High Blood Pressure Hits Low-Income Patients Harder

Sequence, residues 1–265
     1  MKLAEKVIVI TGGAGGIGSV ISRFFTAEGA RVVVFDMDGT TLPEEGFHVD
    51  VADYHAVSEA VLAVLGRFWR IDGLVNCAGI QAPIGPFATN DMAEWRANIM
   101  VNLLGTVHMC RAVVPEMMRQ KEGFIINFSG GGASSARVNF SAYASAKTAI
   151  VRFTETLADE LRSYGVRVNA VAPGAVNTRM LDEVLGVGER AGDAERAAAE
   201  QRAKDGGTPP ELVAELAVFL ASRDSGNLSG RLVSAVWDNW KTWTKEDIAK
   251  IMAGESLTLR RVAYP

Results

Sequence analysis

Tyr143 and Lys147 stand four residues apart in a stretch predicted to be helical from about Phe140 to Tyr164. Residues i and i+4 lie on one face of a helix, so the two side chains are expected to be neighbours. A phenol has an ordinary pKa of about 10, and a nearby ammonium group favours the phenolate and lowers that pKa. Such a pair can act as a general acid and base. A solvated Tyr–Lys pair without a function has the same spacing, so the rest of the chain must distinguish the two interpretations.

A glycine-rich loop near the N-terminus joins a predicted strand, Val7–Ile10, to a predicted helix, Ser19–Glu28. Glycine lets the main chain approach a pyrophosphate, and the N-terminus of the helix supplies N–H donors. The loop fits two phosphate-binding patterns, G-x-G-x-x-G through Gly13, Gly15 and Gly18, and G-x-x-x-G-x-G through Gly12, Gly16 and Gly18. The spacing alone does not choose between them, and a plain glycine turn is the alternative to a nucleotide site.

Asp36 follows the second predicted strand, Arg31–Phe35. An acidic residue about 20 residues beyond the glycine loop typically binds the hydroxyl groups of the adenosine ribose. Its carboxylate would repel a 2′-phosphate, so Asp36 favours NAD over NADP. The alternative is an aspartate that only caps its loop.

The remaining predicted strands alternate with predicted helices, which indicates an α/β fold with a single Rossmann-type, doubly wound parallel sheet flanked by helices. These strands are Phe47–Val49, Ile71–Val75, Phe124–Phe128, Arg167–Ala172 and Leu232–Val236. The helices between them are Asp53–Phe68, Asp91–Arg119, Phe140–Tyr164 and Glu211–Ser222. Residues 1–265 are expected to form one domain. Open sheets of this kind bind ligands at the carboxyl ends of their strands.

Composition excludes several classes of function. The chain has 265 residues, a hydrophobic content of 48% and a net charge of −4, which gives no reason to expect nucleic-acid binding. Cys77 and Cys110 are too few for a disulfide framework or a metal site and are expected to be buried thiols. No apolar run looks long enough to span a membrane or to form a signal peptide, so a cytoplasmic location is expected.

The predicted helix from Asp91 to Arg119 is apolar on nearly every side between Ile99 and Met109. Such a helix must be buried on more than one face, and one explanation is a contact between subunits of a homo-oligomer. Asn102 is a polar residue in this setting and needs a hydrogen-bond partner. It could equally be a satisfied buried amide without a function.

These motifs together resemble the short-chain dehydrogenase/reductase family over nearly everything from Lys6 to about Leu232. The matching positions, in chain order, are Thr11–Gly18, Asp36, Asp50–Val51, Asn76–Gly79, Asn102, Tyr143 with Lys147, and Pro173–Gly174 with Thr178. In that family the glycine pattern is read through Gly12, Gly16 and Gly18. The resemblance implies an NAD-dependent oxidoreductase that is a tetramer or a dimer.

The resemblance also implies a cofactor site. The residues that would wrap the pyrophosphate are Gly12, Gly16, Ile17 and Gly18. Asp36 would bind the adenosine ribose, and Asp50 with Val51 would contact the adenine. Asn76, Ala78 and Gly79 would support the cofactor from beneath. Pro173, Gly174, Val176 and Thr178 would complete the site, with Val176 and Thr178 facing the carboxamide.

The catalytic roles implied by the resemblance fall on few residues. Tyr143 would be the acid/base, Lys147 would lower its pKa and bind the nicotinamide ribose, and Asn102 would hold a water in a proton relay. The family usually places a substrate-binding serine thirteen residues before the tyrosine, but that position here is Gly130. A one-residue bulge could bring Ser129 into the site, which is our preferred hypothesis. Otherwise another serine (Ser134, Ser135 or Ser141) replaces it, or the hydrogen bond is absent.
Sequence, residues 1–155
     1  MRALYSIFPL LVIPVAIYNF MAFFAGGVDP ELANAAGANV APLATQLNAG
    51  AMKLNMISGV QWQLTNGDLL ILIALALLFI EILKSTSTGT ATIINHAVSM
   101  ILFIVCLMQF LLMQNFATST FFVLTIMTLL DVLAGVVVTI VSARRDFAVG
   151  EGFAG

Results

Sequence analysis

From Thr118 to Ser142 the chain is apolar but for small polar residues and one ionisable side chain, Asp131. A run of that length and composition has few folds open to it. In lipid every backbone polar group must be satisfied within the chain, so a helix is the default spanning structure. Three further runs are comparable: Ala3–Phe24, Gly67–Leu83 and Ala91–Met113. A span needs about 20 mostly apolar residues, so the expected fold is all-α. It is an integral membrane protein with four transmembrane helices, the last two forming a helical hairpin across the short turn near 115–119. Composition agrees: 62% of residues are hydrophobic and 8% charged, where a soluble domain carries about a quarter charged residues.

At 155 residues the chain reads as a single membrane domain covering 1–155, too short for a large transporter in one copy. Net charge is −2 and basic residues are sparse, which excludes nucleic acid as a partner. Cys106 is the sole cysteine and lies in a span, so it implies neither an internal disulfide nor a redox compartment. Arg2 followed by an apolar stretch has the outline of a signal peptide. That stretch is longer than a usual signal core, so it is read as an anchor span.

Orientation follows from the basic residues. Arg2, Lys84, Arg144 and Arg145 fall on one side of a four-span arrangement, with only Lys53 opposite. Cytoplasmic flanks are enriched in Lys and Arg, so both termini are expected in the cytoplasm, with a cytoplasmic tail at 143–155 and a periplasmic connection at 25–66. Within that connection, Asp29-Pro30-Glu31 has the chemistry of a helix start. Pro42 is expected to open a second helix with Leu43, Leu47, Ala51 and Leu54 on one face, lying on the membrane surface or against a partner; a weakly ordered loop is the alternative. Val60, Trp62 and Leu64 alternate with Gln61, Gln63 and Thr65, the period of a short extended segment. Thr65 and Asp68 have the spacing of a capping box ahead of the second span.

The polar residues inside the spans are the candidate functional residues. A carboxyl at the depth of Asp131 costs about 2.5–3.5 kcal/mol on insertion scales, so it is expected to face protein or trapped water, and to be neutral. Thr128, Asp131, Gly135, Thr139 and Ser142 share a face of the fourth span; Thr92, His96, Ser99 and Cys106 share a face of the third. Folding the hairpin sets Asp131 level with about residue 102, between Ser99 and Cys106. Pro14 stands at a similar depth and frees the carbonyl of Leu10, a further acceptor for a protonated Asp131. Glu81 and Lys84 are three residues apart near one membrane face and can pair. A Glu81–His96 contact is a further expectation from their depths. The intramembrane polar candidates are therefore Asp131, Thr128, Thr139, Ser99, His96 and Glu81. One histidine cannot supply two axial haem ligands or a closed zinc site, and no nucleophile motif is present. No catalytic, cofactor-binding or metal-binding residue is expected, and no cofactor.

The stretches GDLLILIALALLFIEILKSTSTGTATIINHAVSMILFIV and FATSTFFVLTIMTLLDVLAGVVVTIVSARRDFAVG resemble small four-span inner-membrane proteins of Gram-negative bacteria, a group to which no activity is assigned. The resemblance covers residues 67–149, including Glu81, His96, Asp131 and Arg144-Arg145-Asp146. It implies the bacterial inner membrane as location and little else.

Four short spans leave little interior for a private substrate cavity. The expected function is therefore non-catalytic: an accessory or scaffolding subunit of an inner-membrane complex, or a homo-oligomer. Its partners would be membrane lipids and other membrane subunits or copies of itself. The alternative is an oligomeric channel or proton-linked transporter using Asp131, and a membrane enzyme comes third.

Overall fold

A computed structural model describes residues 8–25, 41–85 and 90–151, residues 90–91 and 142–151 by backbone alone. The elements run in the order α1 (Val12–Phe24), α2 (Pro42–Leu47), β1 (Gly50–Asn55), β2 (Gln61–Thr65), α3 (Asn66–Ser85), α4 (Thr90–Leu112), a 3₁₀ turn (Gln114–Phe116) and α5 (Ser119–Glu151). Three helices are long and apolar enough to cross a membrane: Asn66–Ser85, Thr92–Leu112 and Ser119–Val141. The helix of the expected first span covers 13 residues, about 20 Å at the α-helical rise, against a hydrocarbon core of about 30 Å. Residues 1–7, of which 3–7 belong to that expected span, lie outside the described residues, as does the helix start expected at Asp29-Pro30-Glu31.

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Low-income patients were half as likely to have their blood pressure controlled over six years in a randomized clinical trial in which all participants received the same treatment, according to new research in the Journal of the American Heart Association. Those being treated in low-income areas also had a 25 percent higher chance of being hospitalized for and dying from heart failure, and a 25 percent higher chance of dying from any cause over the same time period. The study’s authors pointed to systemic socioeconomic differences, the stressors of living in poverty, and barriers (like transportation) to regular visits to medical clinics.

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